The recent hazing case, and how we talk about it

Most of the women’s swim team was recently suspended from finishing out the season, after members of both the men’s and women’s teams were found to have violated the College’s hazing policy.

At the expense of joining the conversation on this topic a bit late, MiddBlog hopes to examine the case and the reactions to it thus far. The goal is to build a basis for constructive discussion about the broader concerns the situation raises.

This post is longer than average, so hit “Read more” for the rest:

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Food for thought

Middlebury College Violates Its Own Speech Code.” Seeing that headline yesterday on the blog of the Foundation for Individual Rights in Education (FIRE) was a bit shocking.

The article refers to the Aunt Des videos, which we already know can lead to some interesting sociopolitical conclusions. FIRE is not offended by the videos. On the contrary,

the point of this post is in no way to condemn the Middlebury administration for putting out these videos. Middlebury promises to protect free speech, and these videos are unquestionably … protected by the First Amendment. Rather, the intent of this post is to point out that broadly worded harassment policies like Middlebury’s encompass so much protected speech that they cannot possibly be enforced across the board, leaving administrators with complete discretion to decide what to punish.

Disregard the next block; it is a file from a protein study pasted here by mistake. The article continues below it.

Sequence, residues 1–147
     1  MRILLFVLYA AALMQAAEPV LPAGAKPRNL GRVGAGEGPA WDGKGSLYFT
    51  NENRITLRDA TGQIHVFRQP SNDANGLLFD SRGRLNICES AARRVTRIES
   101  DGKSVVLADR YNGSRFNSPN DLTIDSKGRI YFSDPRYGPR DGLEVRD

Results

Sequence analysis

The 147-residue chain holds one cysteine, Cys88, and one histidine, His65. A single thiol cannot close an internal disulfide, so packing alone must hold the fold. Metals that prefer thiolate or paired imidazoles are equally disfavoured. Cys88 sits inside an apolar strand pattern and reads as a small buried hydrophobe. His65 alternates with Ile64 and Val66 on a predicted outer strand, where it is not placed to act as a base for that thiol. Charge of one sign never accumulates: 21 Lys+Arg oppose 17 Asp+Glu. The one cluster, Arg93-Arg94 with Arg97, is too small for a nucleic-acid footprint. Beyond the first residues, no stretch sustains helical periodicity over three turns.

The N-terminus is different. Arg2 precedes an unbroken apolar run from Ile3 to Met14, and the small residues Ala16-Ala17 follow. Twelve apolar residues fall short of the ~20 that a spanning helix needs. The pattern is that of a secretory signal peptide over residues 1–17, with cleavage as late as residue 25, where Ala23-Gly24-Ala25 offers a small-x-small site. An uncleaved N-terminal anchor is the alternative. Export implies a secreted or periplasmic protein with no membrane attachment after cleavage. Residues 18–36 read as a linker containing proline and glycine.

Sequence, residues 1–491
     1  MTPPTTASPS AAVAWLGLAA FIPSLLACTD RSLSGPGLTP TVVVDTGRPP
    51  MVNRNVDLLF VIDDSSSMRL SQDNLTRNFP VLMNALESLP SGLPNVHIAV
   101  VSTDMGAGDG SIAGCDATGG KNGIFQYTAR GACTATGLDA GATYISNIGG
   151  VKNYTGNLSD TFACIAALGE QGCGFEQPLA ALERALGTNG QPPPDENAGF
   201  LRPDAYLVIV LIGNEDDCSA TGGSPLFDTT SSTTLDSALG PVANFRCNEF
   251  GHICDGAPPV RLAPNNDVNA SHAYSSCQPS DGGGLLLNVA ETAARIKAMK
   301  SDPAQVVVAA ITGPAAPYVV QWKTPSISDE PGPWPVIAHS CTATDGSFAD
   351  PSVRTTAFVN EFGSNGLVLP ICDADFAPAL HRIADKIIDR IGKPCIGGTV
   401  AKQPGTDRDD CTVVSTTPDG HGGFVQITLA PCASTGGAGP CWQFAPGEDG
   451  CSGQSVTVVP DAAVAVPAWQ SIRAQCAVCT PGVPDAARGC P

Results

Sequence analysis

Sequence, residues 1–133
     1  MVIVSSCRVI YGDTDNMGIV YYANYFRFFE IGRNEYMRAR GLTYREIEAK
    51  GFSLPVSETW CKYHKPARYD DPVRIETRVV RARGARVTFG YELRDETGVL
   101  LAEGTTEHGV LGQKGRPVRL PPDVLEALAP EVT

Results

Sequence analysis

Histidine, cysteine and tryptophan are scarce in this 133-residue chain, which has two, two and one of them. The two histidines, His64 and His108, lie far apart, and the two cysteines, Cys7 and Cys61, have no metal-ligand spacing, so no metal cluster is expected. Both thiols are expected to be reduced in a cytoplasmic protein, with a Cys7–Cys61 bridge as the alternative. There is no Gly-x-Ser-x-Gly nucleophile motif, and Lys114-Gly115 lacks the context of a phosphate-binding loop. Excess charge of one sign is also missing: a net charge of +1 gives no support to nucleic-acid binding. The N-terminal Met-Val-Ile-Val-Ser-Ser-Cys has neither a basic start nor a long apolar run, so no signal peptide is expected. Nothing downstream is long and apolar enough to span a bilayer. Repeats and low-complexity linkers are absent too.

Overall, Middlebury’s speech and harassment codes earn a Red Light, the worst of FIRE’s three categories, reserved for schools with “at least one policy that both clearly and substantially restricts freedom of speech.”  The site goes into minute detail about exactly which parts of the College Handbook leave space open for censorship and why. Continue reading